Rex Tillerson, the Texas-bred Eagle Scout atop the world’s largest energy company, and Vladimir Putin confidante Igor Sechin, his counterpart at Russia’s state oil company, forged a partnership to tap billions of barrels of crude together in Russia.
Now, Big Oil’s power couple are being pushed apart in their boldest venture by U.S. and European Union sanctions imposed yesterday.
Last month, Exxon Mobil Corp. and OAO Rosneft started drilling their first Arctic oil well after sanctions were imposed to restrict such exploration. The move exposed a loophole that the governments have now closed. It also irked some competitors and European and U.S. officials who felt Exxon was violating the spirit of the sanctions, even if it was observing the letter of the law, according to people familiar with the discussions.
Exxon’s ventures with Rosneft illustrate how the interests of U.S. and European governments and their multinational companies often diverge, complicating diplomacy, trade and investment.
In President Putin’s Russia, there is often little distinction between the state and key businesses — especially state-controlled companies including Rosneft, led by Kremlin insiders. The same isn’t true for Irving, Texas-based Exxon, which has pushed ahead with new contracts while keeping a step ahead of U.S. and European sanctions.
“Exxon isn’t an arm of the U.S. government,” David Kramer, a former U.S. assistant secretary of state and president of Washington-based Freedom House, a human-rights research and advocacy group, said in an interview. “It reports to shareholders, so it looks for deals it thinks will turn a profit, and it’s not in the business necessarily of promoting U.S. foreign policy interests.”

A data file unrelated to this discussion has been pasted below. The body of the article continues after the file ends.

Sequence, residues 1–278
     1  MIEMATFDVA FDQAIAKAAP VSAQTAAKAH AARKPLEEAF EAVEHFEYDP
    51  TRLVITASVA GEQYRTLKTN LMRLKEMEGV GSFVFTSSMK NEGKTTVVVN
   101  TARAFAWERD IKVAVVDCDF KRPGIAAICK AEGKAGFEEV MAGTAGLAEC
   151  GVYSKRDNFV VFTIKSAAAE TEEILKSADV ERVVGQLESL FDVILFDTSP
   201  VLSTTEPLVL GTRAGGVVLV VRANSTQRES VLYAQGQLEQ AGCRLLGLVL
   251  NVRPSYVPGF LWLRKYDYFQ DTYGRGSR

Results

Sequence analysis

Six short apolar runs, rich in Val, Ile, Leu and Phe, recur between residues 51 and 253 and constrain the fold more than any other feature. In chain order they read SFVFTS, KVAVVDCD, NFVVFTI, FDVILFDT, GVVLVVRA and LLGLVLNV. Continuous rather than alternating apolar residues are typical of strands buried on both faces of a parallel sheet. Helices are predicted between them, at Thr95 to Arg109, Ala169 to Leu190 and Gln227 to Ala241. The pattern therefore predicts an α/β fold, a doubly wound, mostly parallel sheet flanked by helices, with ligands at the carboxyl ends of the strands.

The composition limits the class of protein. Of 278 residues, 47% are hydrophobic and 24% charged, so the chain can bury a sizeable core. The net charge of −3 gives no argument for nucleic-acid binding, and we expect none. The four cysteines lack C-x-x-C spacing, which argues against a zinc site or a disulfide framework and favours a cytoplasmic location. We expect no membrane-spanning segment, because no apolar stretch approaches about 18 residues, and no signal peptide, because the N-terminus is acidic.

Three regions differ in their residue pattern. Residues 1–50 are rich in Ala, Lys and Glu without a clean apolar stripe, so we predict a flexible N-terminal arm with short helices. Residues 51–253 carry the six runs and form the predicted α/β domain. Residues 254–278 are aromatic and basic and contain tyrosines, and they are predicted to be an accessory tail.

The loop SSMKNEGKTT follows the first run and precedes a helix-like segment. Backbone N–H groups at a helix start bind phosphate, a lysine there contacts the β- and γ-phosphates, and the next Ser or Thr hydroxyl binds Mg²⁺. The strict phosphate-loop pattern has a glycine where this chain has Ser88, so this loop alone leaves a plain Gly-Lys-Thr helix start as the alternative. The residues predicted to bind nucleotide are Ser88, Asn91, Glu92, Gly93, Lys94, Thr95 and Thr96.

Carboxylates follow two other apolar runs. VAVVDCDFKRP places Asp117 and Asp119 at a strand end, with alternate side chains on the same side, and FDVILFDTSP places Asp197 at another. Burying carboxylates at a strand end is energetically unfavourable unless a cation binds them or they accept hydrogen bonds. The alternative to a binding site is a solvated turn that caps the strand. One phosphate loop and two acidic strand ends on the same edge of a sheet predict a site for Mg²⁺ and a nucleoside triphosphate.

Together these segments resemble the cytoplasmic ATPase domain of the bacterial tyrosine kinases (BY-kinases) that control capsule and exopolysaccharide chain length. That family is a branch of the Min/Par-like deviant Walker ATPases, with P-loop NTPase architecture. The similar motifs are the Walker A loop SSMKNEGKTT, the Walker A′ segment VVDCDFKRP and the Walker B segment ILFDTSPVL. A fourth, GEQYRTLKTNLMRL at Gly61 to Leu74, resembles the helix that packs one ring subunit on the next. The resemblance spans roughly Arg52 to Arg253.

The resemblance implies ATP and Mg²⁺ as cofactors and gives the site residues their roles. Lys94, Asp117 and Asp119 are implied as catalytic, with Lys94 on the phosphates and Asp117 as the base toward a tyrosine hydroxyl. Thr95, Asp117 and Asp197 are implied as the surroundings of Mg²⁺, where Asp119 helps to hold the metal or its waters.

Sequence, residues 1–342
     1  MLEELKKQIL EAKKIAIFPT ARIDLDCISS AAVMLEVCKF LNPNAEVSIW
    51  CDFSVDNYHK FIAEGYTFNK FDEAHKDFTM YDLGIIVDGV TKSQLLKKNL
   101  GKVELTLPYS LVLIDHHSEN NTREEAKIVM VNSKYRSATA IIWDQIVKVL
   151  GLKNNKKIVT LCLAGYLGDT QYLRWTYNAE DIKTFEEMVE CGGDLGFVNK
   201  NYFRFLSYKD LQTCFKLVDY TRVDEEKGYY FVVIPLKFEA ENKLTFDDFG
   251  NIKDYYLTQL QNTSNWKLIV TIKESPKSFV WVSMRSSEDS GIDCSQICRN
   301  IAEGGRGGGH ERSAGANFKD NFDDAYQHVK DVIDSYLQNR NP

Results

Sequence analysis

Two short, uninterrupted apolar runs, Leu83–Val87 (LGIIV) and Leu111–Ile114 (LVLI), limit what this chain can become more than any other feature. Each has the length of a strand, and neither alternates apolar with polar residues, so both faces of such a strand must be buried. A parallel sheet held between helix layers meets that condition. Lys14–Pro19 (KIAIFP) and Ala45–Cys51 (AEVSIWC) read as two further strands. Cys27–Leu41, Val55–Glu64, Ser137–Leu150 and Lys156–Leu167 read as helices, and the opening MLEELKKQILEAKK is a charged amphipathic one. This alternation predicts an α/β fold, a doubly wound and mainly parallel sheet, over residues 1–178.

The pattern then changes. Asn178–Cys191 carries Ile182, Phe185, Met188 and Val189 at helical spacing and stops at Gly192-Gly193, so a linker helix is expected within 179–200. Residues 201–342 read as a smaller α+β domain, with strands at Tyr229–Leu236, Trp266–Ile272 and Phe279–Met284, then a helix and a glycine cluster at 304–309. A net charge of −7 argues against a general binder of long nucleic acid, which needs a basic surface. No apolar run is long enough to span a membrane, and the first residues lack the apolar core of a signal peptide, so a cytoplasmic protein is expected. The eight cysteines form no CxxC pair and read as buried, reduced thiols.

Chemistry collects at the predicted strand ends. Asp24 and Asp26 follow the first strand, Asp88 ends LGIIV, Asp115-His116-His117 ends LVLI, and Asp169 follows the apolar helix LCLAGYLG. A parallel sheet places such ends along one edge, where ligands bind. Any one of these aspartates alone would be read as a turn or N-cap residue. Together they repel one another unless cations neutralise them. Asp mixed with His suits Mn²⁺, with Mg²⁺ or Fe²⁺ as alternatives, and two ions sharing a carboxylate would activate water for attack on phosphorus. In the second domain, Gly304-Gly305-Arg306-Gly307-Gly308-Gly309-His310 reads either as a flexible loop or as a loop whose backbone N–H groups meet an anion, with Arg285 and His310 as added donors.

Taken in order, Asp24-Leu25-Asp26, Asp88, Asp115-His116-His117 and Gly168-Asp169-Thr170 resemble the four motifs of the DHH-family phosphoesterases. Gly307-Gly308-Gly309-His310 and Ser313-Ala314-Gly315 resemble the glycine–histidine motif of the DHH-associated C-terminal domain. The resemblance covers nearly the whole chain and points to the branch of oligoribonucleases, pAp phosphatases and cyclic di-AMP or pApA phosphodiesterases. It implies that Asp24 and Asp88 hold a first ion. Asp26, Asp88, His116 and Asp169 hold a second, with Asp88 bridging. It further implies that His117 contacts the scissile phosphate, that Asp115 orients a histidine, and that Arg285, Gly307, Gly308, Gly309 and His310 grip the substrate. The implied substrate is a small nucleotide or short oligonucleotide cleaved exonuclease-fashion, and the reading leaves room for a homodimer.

In an interview yesterday, Exxon spokesman Alan Jeffers said the company complies with the law everywhere it operates, and is assessing the latest round of sanctions.
The U.S. and Europe have imposed a series of escalating sanctions against Russia since its annexation of Crimea in March and support for pro-Russian separatists in eastern Ukraine.
Russia has responded with defiance. Just days after the U.S. and EU announced last month that they would restrict the export of technology needed for Arctic, shale and deep-sea exploration, Putin — speaking via satellite — personally ordered the start of drilling for Russia’s first Arctic well. Exxon’s chief of Russia operations attended the event.
“Nowadays, commercial success is defined by an efficient international cooperation,” Putin said. “Businesses, including the largest domestic and foreign companies, understand this perfectly.” Exxon’s Russia country head Glenn Waller replied in Russian: “We see very strong prospects here, and are ready — with your permission — to work further.”
The new drilling not only annoyed Exxon’s competitors and U.S. and European officials, it also pointed out that the July sanctions had a loophole big enough for a 320-foot-wide rig to sail through, according to five people with direct knowledge of the discussions who declined to be cited by name to describe private communications.
The original measure, it turned out, while banning U.S. and European companies from providing technology, allowed them to provide services for long-term oil exploration. That meant Exxon could continue to oversee drilling and lend its expertise to its projects with Rosneft.
The U.S. and Europe moved yesterday to end that exception, giving U.S. companies 14 days to stop all drilling and testing services for deepwater, Arctic and shale-oil exploration and production. The European restrictions let contracts already signed remain in operation, though no major EU oil companies are drilling for crude in the Russian Arctic.
Russia’s quest to find new oilfields to replace declining, decades-old Soviet-era wells hinges on U.S. and European expertise to drill below ocean floors and through some of the densest rock on the planet. Russia has sought to import the practices that triggered a North American oil renaissance by partnering with international giants including Exxon, Royal Dutch Shell Plc, Halliburton Co. and Schlumberger Ltd.
The biggest loser from yesterday’s sanctions, at least among U.S. and European companies, is Exxon.
“Exxon is the one that has the joint venture with Rosneft and the easiest way to halt it is to bar Exxon from doing any business in these areas,” said Fadel Gheit, a senior oil analyst at Oppenheimer & Co. in New York. “We can’t have sanctions with loopholes. It’s a non-starter.”